GM has problems with keys, Honda (among others) with Takata airbags, Volkswagen is troubled by axles. More than a million cars were recalled a few weeks ago in North America and China, after hundreds of axles broke in the Sagitar, one of the many versions of the Jetta in China. What irks Chinese customers, and led to demonstrations in front of Volkswagen dealerships in the Middle Kingdom: No new axle is mounted when the car is in the shop. “If the axle is damaged, the shops replace identical parts,” Germany’s Auto Motor und Sport reports. In addition, pieces of sheet metal are mounted , “which don’t stabilize the axle, but will make a loud rattle in case of an impending damage,” as the German car magazine reports. Volkswagen swears on a stack of service manuals that the axle is fine, and that it is only prone to breaking if the car has been in a prior accident. Many Chinese customers don’t buy it, and demand a new rear suspension. Volkswagen in the meantime has dumped the problematic axle in China, and is selling new Sagitars with a better multi-link independent rear suspension. Volkswagen also dumped Sagitars with the problematic axle on the market en masse.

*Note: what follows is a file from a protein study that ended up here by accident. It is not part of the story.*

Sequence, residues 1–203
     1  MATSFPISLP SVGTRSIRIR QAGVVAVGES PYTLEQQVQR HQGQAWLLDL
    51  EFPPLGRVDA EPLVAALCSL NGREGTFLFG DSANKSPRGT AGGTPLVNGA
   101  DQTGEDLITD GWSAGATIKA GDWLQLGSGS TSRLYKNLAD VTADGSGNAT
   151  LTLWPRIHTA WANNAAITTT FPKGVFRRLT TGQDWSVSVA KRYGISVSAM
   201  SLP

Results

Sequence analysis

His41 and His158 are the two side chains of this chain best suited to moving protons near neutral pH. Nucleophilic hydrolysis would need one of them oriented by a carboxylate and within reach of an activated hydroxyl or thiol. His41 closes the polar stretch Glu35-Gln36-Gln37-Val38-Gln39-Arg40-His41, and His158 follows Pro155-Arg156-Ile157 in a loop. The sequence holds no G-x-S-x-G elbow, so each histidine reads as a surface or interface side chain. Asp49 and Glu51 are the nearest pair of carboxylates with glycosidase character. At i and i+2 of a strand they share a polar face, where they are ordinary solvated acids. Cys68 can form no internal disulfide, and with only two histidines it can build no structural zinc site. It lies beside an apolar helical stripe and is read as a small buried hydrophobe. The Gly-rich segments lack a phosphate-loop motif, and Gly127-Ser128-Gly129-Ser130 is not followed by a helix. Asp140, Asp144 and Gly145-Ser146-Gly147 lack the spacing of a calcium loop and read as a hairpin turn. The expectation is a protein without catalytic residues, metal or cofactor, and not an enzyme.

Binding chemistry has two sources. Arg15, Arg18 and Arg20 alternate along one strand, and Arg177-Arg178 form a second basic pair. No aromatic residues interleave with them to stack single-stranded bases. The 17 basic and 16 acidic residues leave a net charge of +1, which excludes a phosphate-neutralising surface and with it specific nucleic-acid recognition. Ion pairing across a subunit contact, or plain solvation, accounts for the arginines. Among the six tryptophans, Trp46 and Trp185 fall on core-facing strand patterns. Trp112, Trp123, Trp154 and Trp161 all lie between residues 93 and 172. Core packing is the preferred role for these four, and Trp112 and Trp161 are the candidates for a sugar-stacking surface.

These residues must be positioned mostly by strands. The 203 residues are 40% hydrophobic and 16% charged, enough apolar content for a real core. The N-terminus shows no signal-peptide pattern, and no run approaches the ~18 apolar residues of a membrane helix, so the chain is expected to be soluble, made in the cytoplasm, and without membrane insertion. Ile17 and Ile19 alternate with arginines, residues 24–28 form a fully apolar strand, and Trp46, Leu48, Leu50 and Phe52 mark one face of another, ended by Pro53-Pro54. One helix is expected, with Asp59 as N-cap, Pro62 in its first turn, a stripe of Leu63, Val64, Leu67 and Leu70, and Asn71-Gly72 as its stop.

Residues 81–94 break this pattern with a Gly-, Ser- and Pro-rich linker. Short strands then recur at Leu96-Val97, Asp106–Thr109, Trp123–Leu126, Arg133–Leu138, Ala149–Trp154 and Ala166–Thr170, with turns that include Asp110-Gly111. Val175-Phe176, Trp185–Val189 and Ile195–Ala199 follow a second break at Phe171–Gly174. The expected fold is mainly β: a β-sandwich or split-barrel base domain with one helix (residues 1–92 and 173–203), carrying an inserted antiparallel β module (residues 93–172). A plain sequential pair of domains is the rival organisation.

“Soon after receiving complaints regarding the non-independent torsion beam suspensions used in the Sagitar, FAW-VW started outfitting new models with independent multi-link suspensions in May,” writes Gasgoo. There was no stop sales order for inventories with the troubled axe, in the contrary. Says Gasgoo:
“In order to help maintain sales, dealerships released several sales promotions reaching as high as 30,000 RMB ($4,883) in order to liquidate inventories. Sagitars bought using cash were eligible for savings up to 15,000 RMB ($2,442). Many dealerships have reported that their inventories are already cleared.”
According to the Chinese site, the aggressive discounts propelled the old-axle Sagitar from #8 in January to #2 in February on the Chinese sales charts. In September and October, the car with the new axle was back down to #4. Quality regulators in China started a new investigation in the matter and asked Volkswagen for documentation about the problems. According to AMS, the matter could become “dangerous for Volkswagen. Its China business amounts to a quarter of its global revenue, and a third of its profits.”